There were 416 natural catastrophe events globally in 2020 that resulted in economic losses of $268 billion – 8% above the average annual losses for this century, according to insurance broker Aon’s latest catastrophe loss report. Of this total, private sector and government-sponsored insurance programs covered $97 billion, leaving a protection gap of 64%, which is the portion of economic losses not covered by insurance.
The report notes that costs from catastrophes continue to rise due to a changing climate, more people moving into hazard-prone areas and an increase in global wealth.
Aon’s report, Weather, Climate & Catastrophe Insight: 2020 Annual Report, evaluates the impact of global natural disaster events to identify trends, manage volatility and enhance resilience.
During the year, more than 8,000 people lost their lives due to natural catastrophes. Tropical cyclone was the costliest peril, causing more than $78 billion in direct economic damage. It was closely followed by flooding ($76 billion) and severe convective storm ($63 billion).
From a climate perspective, the National Oceanic and Atmospheric Administration (NOAA) cited 2020 as the world’s second-warmest since 1880 for land and ocean temperatures at +0.98°C (+1.76°F) above the 20th-century average.
Greg Case, chief executive officer of Aon, said future organizations will need to deal with more than one catastrophe at a time.
“The global response to the socioeconomic volatility caused by the COVID-19 pandemic has increased focus on other systemic risks – particularly climate change – and is causing a fundamental reordering of business priorities. This report highlights the increasing likelihood of ‘connected extremes’ and reinforces that leading organizations of the future will be defined by their ability to manage the global implications of concurrent catastrophic events,” Case said.
He said that “in a highly volatile world, risk remains ever present, is more connected and, as a result, is also more severe – and 2020 has underscored this reality.”
He added that the experiences of 2020 have also emphasized the need for more collaboration between the public and private sectors — calling this essential to closing the rising protection gap and building resilience against natural catastrophes.
According to the report, catastrophic events will increase in frequency and intensity “and in ways that are impossible to predict using conventional risk assessment methods.”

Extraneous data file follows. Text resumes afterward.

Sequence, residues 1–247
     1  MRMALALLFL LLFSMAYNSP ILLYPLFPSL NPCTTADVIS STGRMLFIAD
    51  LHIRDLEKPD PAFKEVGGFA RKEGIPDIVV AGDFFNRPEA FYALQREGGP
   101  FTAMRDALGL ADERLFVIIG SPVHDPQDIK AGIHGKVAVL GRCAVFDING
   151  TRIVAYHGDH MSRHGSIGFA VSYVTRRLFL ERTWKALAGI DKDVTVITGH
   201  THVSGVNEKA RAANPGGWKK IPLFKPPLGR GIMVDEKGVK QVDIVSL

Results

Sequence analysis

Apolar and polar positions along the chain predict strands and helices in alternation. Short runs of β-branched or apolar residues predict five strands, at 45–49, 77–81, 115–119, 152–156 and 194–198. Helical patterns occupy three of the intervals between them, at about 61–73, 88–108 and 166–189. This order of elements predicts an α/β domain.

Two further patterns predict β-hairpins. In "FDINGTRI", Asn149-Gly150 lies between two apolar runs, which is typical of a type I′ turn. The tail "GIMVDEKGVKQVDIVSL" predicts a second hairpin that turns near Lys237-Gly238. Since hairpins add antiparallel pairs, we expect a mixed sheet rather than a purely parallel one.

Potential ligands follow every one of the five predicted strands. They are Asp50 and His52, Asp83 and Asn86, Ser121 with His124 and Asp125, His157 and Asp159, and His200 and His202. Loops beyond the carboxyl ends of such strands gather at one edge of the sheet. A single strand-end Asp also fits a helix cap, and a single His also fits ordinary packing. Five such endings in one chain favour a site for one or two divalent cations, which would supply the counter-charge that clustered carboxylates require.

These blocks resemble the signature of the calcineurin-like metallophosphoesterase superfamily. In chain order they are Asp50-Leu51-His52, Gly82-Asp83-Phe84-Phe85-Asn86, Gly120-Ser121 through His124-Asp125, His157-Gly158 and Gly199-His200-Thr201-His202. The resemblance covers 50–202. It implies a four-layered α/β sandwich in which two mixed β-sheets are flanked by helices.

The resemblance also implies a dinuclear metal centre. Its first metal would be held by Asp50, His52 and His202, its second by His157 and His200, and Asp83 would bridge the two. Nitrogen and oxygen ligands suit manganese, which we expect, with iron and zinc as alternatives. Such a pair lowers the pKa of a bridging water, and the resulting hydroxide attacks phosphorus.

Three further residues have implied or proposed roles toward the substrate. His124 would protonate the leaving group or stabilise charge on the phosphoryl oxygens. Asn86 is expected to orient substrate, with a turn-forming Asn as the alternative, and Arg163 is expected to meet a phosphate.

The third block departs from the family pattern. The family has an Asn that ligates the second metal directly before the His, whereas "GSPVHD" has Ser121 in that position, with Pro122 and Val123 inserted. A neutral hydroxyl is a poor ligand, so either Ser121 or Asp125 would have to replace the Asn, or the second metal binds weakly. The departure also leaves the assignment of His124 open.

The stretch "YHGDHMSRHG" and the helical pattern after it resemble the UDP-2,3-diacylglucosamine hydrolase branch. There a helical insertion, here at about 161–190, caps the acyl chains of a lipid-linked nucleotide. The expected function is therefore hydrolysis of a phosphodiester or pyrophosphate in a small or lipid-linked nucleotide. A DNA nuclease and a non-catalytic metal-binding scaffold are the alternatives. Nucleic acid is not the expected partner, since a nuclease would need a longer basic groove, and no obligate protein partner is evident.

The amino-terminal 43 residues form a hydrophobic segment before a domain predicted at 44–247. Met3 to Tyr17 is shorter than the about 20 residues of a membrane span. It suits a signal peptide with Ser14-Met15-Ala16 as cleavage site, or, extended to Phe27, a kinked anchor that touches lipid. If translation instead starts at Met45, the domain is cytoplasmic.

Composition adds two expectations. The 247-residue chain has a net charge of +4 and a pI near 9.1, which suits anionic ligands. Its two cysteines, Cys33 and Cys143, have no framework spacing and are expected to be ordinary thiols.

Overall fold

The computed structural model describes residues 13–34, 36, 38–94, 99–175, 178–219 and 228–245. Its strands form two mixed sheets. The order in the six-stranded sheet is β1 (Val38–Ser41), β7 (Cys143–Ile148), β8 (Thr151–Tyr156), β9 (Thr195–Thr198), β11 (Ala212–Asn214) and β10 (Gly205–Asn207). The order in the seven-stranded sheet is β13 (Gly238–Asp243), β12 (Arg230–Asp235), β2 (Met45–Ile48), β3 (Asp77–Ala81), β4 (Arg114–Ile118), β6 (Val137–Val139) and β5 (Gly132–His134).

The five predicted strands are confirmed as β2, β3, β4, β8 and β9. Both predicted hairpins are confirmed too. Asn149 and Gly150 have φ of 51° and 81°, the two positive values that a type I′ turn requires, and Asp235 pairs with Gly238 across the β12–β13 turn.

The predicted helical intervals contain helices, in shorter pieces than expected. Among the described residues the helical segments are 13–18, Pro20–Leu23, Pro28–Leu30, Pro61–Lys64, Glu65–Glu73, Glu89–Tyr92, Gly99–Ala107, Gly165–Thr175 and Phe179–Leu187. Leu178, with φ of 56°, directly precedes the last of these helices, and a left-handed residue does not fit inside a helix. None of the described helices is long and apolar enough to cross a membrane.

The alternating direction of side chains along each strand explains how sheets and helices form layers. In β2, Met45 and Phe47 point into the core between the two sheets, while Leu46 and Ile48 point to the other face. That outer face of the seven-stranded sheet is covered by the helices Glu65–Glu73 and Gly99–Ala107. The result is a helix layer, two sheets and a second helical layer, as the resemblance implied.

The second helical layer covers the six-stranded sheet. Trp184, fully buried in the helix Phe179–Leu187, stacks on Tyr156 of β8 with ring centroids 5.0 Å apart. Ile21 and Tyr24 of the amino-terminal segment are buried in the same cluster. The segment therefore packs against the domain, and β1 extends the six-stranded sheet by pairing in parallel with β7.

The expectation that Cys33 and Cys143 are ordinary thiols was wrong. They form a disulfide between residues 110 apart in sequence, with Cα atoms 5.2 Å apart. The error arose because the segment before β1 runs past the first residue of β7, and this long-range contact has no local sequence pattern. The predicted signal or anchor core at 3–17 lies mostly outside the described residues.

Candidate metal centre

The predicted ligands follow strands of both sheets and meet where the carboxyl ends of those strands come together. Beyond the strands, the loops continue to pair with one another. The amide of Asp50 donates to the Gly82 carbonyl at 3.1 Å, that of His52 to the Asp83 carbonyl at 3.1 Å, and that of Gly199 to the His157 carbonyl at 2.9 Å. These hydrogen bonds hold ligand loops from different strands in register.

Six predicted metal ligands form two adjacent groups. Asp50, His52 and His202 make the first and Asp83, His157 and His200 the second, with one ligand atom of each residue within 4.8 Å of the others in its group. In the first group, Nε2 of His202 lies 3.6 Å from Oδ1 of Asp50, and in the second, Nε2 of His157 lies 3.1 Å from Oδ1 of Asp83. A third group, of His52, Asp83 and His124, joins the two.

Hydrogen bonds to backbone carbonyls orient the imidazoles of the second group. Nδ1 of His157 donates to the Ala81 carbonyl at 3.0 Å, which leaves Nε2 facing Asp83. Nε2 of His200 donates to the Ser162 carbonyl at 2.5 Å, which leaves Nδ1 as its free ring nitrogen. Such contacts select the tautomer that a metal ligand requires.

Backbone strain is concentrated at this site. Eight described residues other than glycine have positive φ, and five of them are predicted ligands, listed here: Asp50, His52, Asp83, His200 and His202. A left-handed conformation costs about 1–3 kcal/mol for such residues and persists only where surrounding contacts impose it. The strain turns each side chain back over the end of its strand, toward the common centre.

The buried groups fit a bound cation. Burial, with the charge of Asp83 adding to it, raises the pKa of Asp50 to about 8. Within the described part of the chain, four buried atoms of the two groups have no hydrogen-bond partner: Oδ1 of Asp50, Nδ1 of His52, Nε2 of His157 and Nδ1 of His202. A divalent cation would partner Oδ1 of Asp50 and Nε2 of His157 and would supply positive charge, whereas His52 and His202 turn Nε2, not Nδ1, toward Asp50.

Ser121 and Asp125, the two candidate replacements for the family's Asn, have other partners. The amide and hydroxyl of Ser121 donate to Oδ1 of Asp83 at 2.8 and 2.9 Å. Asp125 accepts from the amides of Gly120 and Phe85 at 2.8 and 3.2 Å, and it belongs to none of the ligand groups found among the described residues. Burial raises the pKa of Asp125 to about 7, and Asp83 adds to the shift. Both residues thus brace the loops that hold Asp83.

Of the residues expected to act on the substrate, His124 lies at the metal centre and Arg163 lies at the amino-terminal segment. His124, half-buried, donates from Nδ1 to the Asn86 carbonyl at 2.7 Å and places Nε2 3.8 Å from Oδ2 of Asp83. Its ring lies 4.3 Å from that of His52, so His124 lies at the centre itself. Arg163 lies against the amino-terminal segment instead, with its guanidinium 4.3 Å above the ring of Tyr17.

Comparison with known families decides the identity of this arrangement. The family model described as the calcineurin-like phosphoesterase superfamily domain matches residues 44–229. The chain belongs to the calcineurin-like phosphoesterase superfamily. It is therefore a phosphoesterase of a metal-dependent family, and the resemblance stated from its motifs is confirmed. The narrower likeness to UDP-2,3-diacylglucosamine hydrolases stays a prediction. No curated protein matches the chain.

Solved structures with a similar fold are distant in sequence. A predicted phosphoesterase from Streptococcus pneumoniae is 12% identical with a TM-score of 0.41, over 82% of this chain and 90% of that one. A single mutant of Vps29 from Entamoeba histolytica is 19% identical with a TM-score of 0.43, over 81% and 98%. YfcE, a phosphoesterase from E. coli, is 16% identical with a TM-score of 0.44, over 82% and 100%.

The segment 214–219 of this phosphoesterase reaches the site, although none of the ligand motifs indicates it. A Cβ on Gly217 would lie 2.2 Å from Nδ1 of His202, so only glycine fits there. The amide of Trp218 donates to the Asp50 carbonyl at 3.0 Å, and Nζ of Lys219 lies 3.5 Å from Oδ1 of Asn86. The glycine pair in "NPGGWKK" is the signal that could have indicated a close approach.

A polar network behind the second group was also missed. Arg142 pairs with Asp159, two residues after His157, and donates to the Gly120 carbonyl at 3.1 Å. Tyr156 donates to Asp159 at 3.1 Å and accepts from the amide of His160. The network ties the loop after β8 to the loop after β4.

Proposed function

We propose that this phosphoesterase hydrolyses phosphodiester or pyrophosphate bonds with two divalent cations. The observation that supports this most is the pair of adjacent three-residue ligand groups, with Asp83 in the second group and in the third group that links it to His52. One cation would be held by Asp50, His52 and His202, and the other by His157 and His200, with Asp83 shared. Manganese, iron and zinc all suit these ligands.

The authors contend that while catastrophe modeling has been conducted primarily in the private sector, while academia and government scientists have taken the lead on the science of climate change. “Now it is time to fix the blind spots,” the report concludes.
The report also advises the insurance industry to develop more of a bespoke view of risk, which will in turn allow the to reduce their “dependence on model vendors to measure their catastrophic risk and gain greater confidence in their risk tolerance thresholds.”
Steve Bowen, director and Meteorologist for Aon’s Impact Forecasting team, agreed that the world will be faced with new challenges around natural perils.
“While many private and public sector entities primarily focus on physical and human hazard risks, an increasing number of global regulative bodies are further pivoting towards how to handle emerging transitional and subsequent reputational risks,” Bowen said. “This is especially true as the financial and humanitarian risks surrounding climate-enhanced events become more evident on a daily basis. Focus at the corporate and federal levels will be critical around investments in risk mitigation, resilience, and sustainability as the landscape around climate change solutions continues to accelerate with renewed urgency.”
Significant regional events during 2020 included:
- Costliest year on record for global severe convective storms led by historic U.S. derecho
- U.S. mainland endured a record-breaking 12 named storm landfalls, including six hurricanes
- Super Typhoon Goni struck the Philippines as the strongest landfalling storm ever recorded globally at 195 mph
- Ciara became Europe’s costliest windstorm since Xynthia in 2010
- Drought conditions reduced agricultural crop yields in Brazil and Argentina, burning 30% of the Pantanal Region
- The most widespread Yangtze River Basin floods since 1998 caused USD35 billion of economic damage in China’s monsoon season
|Exhibit 1: Top 10 Global Economic Loss Events1,2|
|June – September||Seasonal Floods||China||280||35.0||2.0|
|August 21 – 29||Hurricane Laura||U.S., Caribbean||68||18.2||10.0|
|May 15 – 21||Cyclone Amphan||South Asia||133||15.0||0.5|
|August 8 – 12||SCS (incl. Midwest Derecho)||United States||4||12.6||8.3|
|July 3 – 15||Kyushu Floods||Japan||82||8.5||2.0|
|November 2 – 13||Hurricane Eta||Caribbean, U.S.||309||8.3||0.7|
|June – September||Seasonal Floods||India||1,922||7.5||0.8|
|September 14 – 18||Hurricane Sally||United States||0||7.0||3.5|
|March 22||Zagreb Earthquake||Croatia||2||6.1||0.1|
|July 30 – August 5||Hurricane Isaias||U.S., Caribbean, Canada||18||5.0||2.7|
|All other events||145 billion||66 billion|
|TOTAL||268 billion||97 billion|
|1||Subject to change as loss estimates are further developed|
|2||Includes losses sustained by private insurers and government-sponsored programs|
The full report is available on Aon’s interactive microsite at https://aon.io/3nsM7cu. To access current and historical natural catastrophe data, as well as event analysis, visit catastropheinsight.aon.com.
Top Photo: In this Aug. 27, 2020 file photo, buildings and homes are flooded in the aftermath of Hurricane Laura near Lake Charles, La. (AP Photo/David J. Phillip, File)
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